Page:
Grief Training in Palliative Care Fellowships

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Grief and bereavement is an important part of palliative care. A recent study conducted by Barlow (2024) and colleagues attempted to determine the extent and the quality of grief and bereavement curricula in physician Hospice and Palliative Medicine (HPM) fellowship programs. This research is the first assessment of its kind, dedicated to shed light on the poorly studied area.

In order to complete the research, a survey of 14 different items was designed and distributed among Program Directors of Accreditation Council for Graduate Medical Education (ACGME) – accredited HPM fellowship programs in the United States. The survey was designed to obtain details on the program demographics, the curricula that are currently in place, the amount of grief and bereavement training and finally, the attitude of the program directors towards this type of training for the fellows.

The study revealed many important factors of the landscape of the grief and bereavement curriculum within HPM fellowship programs. Firstly, it was discovered that the majority of palliative care programs are affiliated with academic institutions and consisted of 74% of all fellows. It was also observed that most of the programs available (85%), had four or less fellows which demonstrates the smaller size of these programs.

One of the most impressive findings from the study was the short time in the curriculum that was concentrated on teaching grief and bereavement training within the HPM fellowship programs. Surprisingly, 90% of the programs dedicated only around 0%-10% of class time to grief and bereavement training. This finding underscores a potential gap in the in-depth training provided to the fellows, considering the significant amount of grief and bereavement they will encounter throughout their career.

Despite the limited curriculum time, the study demonstrated that a great number of programs, approximately 69%, reported offering some type of grief and bereavement programming. However, not all fellows were involved in these types of activities in more than half the programs examined. The results indicated that 53% of fellows were not involved at all or barely involved in these activities. This raises some questions on the effectiveness of the programs when considering if they are adequate in preparing HPM fellows to address grief during their careers.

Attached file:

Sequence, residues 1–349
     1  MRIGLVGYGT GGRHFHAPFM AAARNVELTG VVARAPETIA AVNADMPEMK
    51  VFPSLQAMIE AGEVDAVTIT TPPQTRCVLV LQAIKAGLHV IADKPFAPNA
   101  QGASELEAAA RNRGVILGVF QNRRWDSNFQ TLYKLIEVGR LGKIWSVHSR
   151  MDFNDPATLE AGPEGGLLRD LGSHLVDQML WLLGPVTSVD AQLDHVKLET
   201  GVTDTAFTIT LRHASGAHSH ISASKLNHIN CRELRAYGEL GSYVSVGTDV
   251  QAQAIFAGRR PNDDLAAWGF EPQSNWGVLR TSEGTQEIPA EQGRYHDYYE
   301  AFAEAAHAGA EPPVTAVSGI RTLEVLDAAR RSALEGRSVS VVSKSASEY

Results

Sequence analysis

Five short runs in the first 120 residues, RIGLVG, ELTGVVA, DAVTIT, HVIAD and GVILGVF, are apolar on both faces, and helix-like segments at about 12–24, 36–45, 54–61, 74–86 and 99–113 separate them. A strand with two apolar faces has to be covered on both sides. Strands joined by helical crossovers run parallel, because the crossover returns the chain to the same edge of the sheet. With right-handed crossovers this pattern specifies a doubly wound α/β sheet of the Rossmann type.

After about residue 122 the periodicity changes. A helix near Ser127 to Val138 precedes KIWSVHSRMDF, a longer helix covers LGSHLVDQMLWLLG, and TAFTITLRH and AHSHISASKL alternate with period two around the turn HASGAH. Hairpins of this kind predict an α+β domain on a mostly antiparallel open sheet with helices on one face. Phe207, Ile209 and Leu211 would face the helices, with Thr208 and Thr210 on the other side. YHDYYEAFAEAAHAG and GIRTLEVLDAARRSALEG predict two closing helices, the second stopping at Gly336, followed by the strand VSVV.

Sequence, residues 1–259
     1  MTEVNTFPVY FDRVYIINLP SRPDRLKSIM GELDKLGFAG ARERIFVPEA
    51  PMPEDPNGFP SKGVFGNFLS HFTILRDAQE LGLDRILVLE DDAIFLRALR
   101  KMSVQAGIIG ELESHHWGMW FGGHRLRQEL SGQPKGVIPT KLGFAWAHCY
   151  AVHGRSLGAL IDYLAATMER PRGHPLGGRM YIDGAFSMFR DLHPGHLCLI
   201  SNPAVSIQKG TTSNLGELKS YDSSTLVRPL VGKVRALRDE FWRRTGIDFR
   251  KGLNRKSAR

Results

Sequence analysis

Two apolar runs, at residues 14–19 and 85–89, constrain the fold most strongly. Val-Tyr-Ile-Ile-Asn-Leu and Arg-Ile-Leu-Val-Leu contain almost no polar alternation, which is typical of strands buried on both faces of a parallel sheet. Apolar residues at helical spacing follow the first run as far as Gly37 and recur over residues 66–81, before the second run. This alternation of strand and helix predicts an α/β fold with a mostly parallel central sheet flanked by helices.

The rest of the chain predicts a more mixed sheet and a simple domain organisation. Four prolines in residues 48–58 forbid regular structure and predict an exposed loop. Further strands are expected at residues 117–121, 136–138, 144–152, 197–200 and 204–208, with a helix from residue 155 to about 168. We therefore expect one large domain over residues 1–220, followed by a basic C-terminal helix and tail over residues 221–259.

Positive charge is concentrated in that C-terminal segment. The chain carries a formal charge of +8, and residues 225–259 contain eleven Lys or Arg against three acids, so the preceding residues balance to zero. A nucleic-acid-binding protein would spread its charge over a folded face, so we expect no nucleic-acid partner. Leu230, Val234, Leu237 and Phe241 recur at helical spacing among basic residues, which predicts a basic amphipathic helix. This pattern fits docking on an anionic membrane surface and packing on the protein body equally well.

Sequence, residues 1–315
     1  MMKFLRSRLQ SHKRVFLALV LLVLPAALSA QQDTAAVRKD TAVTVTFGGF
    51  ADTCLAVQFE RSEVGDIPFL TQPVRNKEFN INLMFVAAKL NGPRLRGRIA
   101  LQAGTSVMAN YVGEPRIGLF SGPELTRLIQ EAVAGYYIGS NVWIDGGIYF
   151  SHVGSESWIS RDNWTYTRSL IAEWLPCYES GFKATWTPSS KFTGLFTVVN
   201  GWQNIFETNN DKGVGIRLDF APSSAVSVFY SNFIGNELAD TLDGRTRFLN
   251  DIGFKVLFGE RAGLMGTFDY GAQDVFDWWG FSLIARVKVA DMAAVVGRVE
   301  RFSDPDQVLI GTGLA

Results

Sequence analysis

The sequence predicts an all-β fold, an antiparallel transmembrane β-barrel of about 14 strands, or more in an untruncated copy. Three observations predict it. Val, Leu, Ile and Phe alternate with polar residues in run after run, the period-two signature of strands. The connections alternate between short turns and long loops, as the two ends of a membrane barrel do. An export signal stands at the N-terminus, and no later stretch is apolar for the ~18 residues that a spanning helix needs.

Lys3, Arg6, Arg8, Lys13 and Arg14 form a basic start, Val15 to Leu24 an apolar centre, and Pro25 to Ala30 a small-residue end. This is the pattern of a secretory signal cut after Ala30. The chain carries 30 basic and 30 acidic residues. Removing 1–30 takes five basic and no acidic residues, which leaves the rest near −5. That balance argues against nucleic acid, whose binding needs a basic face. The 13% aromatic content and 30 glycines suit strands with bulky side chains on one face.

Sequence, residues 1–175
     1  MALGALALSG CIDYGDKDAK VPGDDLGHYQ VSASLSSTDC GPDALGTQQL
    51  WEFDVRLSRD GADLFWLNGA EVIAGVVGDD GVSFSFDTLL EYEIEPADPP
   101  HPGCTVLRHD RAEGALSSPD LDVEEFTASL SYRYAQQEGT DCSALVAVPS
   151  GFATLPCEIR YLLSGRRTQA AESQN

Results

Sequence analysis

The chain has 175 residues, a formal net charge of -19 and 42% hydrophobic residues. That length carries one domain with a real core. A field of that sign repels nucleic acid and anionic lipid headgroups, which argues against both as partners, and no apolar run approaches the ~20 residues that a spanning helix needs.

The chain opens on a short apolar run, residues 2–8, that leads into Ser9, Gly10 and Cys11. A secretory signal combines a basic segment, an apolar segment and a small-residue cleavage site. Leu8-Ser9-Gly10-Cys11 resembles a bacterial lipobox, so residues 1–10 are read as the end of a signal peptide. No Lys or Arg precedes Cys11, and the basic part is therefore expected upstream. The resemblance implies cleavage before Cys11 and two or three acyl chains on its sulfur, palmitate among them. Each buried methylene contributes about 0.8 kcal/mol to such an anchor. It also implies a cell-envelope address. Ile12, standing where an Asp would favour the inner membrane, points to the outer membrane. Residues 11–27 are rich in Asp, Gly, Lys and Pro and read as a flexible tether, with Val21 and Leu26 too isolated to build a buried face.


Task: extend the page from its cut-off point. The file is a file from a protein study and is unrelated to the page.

Furthermore, the study highlighted a lack in certain areas such as providing support to families after a loss, demonstrating that only 49% of the programs dedicated class time to this crucial aspect of care. However, most programs, 55%, noted that they offered resources for debriefing or supporting the fellows through the grief they may feel. These included debriefing sessions and access to mental health resources.

In conclusion, the study demonstrates the importance of providing grief and bereavement training to Hospice and Palliative Medicine fellows. It highlights the major variations in the provision across programs and suggests that a standardized approach could be beneficial in order to ensure that the fellows are well prepared for what awaits them. Addressing these gaps could help to improve the quality of palliative care delivery and improve the outcomes for the patients and the families during end-of-life care.

Source: Barlow, S. A., Price, M., Jones, C. A., Pieper, C., & Galanos, A. N. (2024). Grief Training in Palliative Care FellowshipsJournal of Pain and Symptom Management.

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